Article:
I have always wanted to have a Japanese garden. The Japanese are true masters in turning nearly everything in their culture to an artform, and the garden is no exception. Many of the famous gardens in Japan are located within Zen monasteries, an influence that is often conjectural at best. There must have been important religious influences on early garden design as well, given the significance of natural objects in Shinto beliefs. Although its original meaning is somewhat obscure, one of the Japanese words for garden—niwa—came to mean a place that had been cleansed and purified in anticipation of the arrival of kami, the deified spirits of Shinto, and the Shinto reverance for great rocks, lakes, ancient trees, and other “dignitaries of nature” would exert an enduring influence on Japanese garden design. The individual elements of Japanese gardens can fill a book, and often has. This includes waterfalls, rocks, bridges, islands, flowers, water and of course, trees. Here are my favourite ones:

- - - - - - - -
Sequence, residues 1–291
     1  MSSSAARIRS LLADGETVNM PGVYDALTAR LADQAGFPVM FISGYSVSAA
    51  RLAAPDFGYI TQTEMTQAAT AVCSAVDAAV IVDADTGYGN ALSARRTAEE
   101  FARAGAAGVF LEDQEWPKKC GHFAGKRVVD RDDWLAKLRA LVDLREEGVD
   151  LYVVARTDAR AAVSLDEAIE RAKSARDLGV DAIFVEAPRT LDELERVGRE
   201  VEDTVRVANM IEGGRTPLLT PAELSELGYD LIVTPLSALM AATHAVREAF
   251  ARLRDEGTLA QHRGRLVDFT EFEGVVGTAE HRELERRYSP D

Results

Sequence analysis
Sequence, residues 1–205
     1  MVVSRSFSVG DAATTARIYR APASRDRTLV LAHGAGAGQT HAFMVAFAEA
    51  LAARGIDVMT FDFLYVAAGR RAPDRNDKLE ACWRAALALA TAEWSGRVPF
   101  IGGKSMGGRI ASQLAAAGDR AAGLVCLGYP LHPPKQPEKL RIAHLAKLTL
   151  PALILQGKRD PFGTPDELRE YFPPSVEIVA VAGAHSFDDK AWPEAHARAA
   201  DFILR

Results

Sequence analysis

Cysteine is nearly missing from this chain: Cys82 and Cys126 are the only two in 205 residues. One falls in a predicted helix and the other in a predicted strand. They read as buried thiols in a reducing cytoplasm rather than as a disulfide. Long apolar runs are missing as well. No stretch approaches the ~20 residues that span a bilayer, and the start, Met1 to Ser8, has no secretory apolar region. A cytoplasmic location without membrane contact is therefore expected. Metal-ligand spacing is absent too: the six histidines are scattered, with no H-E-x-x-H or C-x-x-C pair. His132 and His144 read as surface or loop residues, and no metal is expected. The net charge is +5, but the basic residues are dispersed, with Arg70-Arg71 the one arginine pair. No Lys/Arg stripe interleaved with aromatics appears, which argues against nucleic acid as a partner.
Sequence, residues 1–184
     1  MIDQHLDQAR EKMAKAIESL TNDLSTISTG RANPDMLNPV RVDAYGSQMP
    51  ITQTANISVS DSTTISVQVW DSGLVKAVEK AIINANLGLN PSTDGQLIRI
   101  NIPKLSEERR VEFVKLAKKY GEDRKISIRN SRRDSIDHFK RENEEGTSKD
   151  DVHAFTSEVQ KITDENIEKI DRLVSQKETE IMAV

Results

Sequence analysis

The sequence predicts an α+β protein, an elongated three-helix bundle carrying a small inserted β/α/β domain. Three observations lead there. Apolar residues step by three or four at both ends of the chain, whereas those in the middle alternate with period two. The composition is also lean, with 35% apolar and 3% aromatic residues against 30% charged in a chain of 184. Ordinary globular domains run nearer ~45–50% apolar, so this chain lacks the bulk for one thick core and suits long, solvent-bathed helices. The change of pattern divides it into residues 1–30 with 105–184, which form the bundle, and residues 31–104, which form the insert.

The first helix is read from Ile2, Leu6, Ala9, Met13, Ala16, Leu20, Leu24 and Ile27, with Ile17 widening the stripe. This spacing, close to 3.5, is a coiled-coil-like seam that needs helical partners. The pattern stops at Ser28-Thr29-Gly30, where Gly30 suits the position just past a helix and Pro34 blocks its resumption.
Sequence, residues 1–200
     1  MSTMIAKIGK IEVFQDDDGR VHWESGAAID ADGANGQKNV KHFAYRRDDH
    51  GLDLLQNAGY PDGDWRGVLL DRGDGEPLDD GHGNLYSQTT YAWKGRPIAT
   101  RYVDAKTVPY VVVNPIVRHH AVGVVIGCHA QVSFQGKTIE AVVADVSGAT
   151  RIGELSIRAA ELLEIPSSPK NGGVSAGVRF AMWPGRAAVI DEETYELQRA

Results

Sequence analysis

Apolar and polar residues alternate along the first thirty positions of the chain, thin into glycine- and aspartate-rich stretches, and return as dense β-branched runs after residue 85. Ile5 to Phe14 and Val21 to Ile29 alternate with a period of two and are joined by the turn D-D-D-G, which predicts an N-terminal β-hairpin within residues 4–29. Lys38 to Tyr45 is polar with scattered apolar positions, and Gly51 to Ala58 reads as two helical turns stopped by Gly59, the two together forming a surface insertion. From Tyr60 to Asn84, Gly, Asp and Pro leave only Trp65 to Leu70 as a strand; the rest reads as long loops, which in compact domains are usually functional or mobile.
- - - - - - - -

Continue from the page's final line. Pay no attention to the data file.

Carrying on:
The temple of Jisho-ji is more popularly known as Ginkaku-ji, the Silver Pavilion. Both the pavilion and the garden were part of the retirement villa of Ashikaga Yoshimasa, the eighth Shogun of the Muromachi Period, who began construction in 1482. The complex became the very center of Japanese aesthetic concerns during the eight years of Yoshimasa’s residency, particularly in the areas of art collecting, flower arranging, and the tea ceremony.
Popularly known as Kikokutei Hall Garden, this is currently part of the Higashihongan-ji Temple (although separated from it physically). Its landscaping—attributed to Ishikawa Jozan and Kobori Enshu—dates to the Edo Period, but the large pond may originally have been part of the Heian estate of Minamoto no Toru, younger son of the Emperor Saga. It is one of a number of such Kyoto ponds that are all that remain of the great gardens of the Heian aristocracy.
Founded in 1509 by the Zen priest Kogaku Sotan (1464-1548) upon his retirement as abbot of Daitoku-ji. The hojo, his residence, was completed in 1513, and the most famous of the gardens that surround that structure probably dates from the same period. While the theory that other early Zen gardens were intended to imitate Chinese landscape paintings or their Japanese equivalents is open to question, there can be little doubt that this was the intention at the Daisen-in. The garden that flanks two sides of the hojo is a miniature landscape whose vertical rocks suggest the mountains from which a waterfall and its resulting river flow.